The National Center for Health Statistics says that life expectancy in the United States has declined for the first time in more than two decades, men from 76.5 years in 2014 to 76.3 in 2015, and from 81.3 to 81.2 for women. This is the first drop in twenty years. Death rates have risen for eight out of 10 of the leading causes of death: heart disease (0.9% rise), chronic lower respiratory diseases (2.7% rise), unintentional injuries (6.7% rise), stroke (3% rise), Alzheimer's disease (15.7% rise), diabetes (1.9% rise), kidney disease (1.5% rise) and suicide (2.3% rise).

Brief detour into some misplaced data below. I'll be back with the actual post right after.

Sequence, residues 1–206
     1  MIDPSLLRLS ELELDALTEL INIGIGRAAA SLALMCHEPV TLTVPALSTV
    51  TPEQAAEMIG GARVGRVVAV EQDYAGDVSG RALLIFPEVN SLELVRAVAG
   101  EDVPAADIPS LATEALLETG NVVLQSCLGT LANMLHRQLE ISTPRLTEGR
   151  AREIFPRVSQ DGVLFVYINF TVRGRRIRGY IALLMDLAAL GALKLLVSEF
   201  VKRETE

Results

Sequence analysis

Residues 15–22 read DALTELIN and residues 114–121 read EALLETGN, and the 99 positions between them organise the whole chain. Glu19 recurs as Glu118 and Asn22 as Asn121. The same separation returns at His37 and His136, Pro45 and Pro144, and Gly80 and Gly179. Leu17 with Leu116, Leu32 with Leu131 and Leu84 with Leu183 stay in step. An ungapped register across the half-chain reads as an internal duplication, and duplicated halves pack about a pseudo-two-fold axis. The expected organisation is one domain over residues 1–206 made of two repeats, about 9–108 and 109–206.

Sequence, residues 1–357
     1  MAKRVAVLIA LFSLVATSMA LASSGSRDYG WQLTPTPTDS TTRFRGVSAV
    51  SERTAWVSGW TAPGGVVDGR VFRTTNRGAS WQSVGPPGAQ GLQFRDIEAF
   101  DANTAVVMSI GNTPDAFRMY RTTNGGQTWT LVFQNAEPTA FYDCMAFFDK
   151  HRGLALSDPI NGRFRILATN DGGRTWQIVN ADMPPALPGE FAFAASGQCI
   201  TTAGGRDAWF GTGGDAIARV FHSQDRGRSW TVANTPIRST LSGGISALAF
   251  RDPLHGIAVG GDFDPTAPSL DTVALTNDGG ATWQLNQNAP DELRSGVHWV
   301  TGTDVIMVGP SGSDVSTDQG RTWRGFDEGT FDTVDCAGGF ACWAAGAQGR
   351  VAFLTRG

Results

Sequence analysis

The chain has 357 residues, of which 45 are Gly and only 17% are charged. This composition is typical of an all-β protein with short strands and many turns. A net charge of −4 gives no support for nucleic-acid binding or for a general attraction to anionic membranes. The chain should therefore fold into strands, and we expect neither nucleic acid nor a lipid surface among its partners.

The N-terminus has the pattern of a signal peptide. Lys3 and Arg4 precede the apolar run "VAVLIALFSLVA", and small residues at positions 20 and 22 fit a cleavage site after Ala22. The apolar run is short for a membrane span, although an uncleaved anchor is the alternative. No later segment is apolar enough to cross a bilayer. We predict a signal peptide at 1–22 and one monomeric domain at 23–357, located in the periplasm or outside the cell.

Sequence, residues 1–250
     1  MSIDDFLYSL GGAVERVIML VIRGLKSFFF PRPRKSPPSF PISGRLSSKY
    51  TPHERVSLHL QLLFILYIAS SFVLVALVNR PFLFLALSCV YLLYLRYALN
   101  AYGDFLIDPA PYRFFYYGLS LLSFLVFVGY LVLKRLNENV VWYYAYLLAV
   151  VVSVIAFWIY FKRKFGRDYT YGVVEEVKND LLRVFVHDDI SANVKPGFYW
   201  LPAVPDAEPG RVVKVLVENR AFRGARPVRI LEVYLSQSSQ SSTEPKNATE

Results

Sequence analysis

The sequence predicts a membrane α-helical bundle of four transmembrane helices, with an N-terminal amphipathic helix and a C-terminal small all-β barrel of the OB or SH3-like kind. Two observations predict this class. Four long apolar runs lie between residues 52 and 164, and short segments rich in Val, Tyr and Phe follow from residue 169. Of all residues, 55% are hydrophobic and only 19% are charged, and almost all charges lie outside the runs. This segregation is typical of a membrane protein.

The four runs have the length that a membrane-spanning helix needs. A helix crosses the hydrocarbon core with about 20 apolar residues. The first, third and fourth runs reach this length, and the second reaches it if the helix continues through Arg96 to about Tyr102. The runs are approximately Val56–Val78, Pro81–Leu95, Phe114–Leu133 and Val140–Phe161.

The US ranks 28th out of 43 OECD countries. It is just behind the Czech Republic, Chile and Costa Rica, and just above Turkey, Poland and Estonia.
The world's highest life expectancy is in Japan at 83.7 years, which is followed by Switzerland and Spain at 83.3. The world's lowest life expectancy is in Sierra Leone, at 50.1 years.